AI Tools Can Tackle Opaque ESG Data

Bridgewise’s AI-powered analysis toolkit adds to technologies addressing unstructured data, amid ever-growing reporting requirements. 

Industry experts have highlighted the key role that artificial intelligence (AI) tools can play in consolidating and enhancing ESG data, despite governance concerns marring the technology. 

According to estimates, up to 90% of data generated globally each day – including on sustainable finance – is unstructured. This remains an endemic issue across the industry. 

“AI can process and analyse vast amounts of this unstructured data from different sources,” Ilan Furman, CIO at AI-based technological research company Bridgewise, told ESG Investor. “It has the ability to identify patterns and provide actionable insights for investors.” 

Bridgewise is one of an increasing number of companies developing AI-powered tools to assist investors in navigating disorganised, and often limited, publicly available ESG data. 

One such tool is the International Financial Corporation’s AI-powered MALENA, released earlier this week. The platform aims to enhance ESG analysis for emerging markets through the use of 15 years’ worth of emerging markets data and natural language processing, refining unstructured information into “actionable” sustainable investments insights. 

Last October, Bridgewise launched an AI-powered ESG analysis toolkit aiming to support growing market demand for such products. The group said its goal was to help financial institutions easily identify ESG-friendly companies, evaluate investments, and remain compliant with regulatory requirements. 

“The capability to measure ESG and the data around it is quite opaque,” said Furman. “In general, AI-powered tools are trying to add transparency to this data.”

Bridgewise’s toolkit covers 16,000 stocks worldwide, and serves an estimated two million users. The company deploys algorithms to provide insights on 44,000 public companies globally, and generates research reports to fill what it describes as an “information gap” on companies’ ESG commitments. Its algorithms consolidate ESG data into a single rating, comprising 26 ESG factors.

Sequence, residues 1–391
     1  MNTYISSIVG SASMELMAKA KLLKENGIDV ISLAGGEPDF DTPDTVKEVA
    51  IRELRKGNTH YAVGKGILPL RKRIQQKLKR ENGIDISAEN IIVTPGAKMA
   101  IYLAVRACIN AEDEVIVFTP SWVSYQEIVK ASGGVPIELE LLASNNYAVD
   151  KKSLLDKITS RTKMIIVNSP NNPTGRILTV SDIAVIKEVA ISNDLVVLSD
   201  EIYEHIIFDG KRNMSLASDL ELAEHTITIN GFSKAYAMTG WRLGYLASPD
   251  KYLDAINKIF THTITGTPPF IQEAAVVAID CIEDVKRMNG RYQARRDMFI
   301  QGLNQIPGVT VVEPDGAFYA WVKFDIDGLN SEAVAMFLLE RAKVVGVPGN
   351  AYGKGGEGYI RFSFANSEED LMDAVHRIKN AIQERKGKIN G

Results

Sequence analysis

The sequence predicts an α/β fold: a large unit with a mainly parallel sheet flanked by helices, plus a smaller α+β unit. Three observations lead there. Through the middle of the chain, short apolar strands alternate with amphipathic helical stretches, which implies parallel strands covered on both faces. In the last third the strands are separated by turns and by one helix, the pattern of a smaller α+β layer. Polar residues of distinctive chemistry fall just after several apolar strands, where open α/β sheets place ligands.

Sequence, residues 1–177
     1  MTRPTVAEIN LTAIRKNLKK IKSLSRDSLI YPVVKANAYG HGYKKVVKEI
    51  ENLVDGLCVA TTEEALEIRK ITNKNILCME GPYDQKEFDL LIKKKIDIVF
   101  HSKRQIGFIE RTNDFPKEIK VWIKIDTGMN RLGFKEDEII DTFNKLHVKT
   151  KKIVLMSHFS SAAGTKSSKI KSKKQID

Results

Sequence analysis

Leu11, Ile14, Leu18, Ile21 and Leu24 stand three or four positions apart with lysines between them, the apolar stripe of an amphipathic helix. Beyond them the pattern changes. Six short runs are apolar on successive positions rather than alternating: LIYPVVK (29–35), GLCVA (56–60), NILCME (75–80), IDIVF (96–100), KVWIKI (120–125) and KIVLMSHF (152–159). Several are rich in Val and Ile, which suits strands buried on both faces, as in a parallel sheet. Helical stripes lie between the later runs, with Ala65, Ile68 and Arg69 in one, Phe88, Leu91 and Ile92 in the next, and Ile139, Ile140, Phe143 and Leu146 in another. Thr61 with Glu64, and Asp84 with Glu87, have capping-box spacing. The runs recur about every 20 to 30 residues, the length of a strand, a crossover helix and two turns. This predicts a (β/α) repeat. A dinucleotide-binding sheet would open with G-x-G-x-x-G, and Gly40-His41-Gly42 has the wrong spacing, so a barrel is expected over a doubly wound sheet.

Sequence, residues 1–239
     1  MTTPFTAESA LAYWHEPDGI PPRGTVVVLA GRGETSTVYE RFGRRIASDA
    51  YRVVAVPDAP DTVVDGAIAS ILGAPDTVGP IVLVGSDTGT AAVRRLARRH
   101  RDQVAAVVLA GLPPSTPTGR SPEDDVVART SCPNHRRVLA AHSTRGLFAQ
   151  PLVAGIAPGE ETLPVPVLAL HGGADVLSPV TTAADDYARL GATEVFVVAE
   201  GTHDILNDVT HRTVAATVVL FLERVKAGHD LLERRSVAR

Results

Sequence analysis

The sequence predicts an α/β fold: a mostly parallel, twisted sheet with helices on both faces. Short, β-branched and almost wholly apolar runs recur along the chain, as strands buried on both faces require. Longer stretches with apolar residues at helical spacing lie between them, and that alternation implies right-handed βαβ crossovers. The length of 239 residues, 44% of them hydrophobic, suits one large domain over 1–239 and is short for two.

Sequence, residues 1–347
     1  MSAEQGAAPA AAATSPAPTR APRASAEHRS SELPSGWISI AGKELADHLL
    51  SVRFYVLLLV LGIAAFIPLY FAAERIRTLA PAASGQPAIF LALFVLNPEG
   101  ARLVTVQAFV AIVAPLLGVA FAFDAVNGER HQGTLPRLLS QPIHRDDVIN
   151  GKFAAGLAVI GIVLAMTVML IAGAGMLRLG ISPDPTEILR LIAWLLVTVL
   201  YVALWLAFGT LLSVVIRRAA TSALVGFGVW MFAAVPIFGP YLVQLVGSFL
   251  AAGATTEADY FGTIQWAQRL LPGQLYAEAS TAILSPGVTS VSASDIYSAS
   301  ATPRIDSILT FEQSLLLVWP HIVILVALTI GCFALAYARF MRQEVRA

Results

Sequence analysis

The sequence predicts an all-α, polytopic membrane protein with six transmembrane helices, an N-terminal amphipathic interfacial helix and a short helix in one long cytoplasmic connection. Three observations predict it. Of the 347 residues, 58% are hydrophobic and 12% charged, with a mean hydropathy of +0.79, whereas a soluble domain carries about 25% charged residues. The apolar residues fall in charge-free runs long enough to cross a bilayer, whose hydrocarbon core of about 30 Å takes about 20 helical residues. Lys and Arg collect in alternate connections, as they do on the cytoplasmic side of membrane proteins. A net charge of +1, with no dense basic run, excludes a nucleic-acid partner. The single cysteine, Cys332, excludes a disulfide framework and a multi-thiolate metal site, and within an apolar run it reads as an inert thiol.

Tool proliferation 

Berlin-based software firm Briink’s CEO Tomas van der Heijden previously told ESG Investor that mistrust and lack of comprehension of AI technologies were likely the root cause of hesitancy around the technology’s adoption. 

This lack of trust is perhaps most visible when it comes to AI governance. The topic was by far the most discussed at Davos last month, with roughly half of the world’s politicians expressing concerns over the technology’s ability to warp election outcomes over the next 12 months. Additionally, almost all CEOs attending the conference expressed fears of being outflanked if they didn’t adopt the technology quickly or effectively enough.  

Notwithstanding those views, the use of AI is already widespread, as illustrated in a recent McKinsey survey, which found that 79% of respondents had had some sort of exposure to generative AI, and 22% were regularly using it in their work. 

“An increasing amount of people are interested in or required to demonstrate their ESG credentials – hence the increasing demand for tools that can help with this,” said Furman. 

According to research by IT firm Infosys, AI should add an estimated US$14 trillion in gross value to corporations by 2035. Meanwhile, Goldman Sachs claims that the global GDP could increase by 7% between now and 2033 thanks to generative AI. 

“Another driver behind the rise in demand for AI-powered tools is heightened awareness of the need to implement ESG principles,” said Furman. “It’s also the massive flow of funds we are seeing being managed under various ESG umbrellas, which is also triggering demand.” 

Many companies in the sustainable investment space have already incorporated AI tools into their practices. Similar to Bridgewise’s toolkit, Manifest Climate’s recently launch risk-planning solution software uses AI to extract and analyse data from public company disclosures.  

Last May, Net Purpose – a data analytics platform for impact investors – used part of its US$11 million Series-A funding round to enhance its use of AI. The platform aimed to address the proliferation of sustainability data, which has created confusion for users of ESG ratings and given rise to greenwashing accusations. 

Elsewhere, Iceberg Data Lab launched generative AI-powered tool Barbatus last July, which it described as an “AI-ESG assistant” for analysts interpreting ESG-related data, aiming to improve benchmarking and assess corporates’ environmental impact. 

“AI tools can enable ESG analysis teams increase their productivity and improve accuracy, reliability and access to relevant data,” said Iceberg CEO Matthieu Maurin. 

The practical information hub for asset owners looking to invest successfully and sustainably for the long term. As best practice evolves, we will share the news, insights and data to guide asset owners on their individual journey to ESG integration.

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